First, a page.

An Open Table where Love knows no borders

Paul’s Prayer

A sermon on Ephesians 3:14-21 by Alan Marr

This is the second time Paul interrupts his letter to the Ephesians to pray for them. The first prayer in chapter one is a prayer of thanksgiving, asking God to make them insightful enough to see what God is calling them to do and grasp the immensity of the life he has for Christians. This second prayer in chapter three expresses the desire for people to be able to grasp the extent of God’s love for them in its breadth, its length, its depth and its height. It’s a wonderful aspiration for all pastors to have for the people they care for. But how does it happen? I have stood in the midst of congregations singing somewhat endless repetitive songs about this kind of thing without much success. I just seemed to get bored and more than a little frustrated because others around me seem to get it but I don’t. In this prayer Paul doesn’t say anything about singing mind numbing songs. He describes a pathway that is very different from that. His prayer implies that on the way to grasping something of the extent of God’s love:

1. We will be strengthened by God’s Spirit to receive inner strength.(to be strong in our inner selves).
2. Christ will make his home in our hearts.

This prayer is about people coming to terms with themselves, being able to live with themselves, and discovering the resources of God. It is about a church coming to an understanding of who they are and finding God where they are within their midst. It is not a prayer about Vision Statements, Mission Statements or goals and strategies. It is not about being a Purpose Driven Church nor is it about adopting the Willow Creek philosophy of ministry. It is about the people of God rediscovering God. And when we discover God our inner self will be strengthened.

Negative or low self esteem can be a destructive force upon individuals and upon church communities. It breeds defensiveness, comparisons, game playing, avoidance, blaming, fear and has a snowballing effect upon others. It creates a blurring of boundaries which often gets people in positions of power, like David, into trouble.

A healthy self esteem enables us to appreciate others without fear, creates space for others to be themselves, to know and express their gifts. Healthy self esteem also has a snow ball effect. For me it is cyclical .The more I understand of the love God has for me the more strength I will sense in my inner being The better I feel about who I am the more I am able to glimpse the extent of God’s love for me.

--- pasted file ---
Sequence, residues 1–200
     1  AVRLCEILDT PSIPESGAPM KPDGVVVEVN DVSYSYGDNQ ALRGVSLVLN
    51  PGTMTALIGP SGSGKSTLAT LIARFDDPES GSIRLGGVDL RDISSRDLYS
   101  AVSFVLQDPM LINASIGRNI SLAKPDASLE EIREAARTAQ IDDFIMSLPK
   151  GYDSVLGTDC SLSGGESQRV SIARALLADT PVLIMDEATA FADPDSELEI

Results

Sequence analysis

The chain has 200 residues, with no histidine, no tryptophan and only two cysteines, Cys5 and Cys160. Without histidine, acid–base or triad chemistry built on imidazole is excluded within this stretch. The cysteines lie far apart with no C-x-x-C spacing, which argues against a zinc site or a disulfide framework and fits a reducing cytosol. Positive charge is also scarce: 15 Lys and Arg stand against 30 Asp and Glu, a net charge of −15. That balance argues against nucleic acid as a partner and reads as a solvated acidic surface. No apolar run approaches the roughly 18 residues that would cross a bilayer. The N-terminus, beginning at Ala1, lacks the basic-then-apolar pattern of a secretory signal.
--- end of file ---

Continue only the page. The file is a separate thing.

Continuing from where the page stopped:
Paul prays for his friends at Ephesus that they will be given the ability to be strong in their inner selves. Christian faith is concerned with strengthening, growing, freeing and feeling our inner world. It is one thing to be active and busy but if these things happen at the expense of what is meant to happen within us we are robbing the centre of our life. If we are to be strengthened within we must take the time to look inside, become acquainted with ourselves, our feelings and value the person we find.

Prayer is something we Baptists like to talk about but we need to do more than talk about it. We need to take time to enter our inner world and listen to the still, small voice of God which will strengthen our inner selves. This voice will bring:

(i) A word of grace not of demand. God is happy for us to be with him,
listening to him, learning from him. He does not require us to be out
there earning points. He graciously gives himself to us, accepting us as
we are.

(ii) An affirming word not a rejecting one. God loves us. This is something we find difficult to accept or believe. The image of God has been placed within us and within every human being We can be angry with him and he will not reject us. We can be lazy with him and he will not reject us. We can get lost sometimes. He will not give up on us.

(iii) A word of freedom not bondage.

(IV) A call to growth not stagnation.

(v) A word of reconciliation not alienation.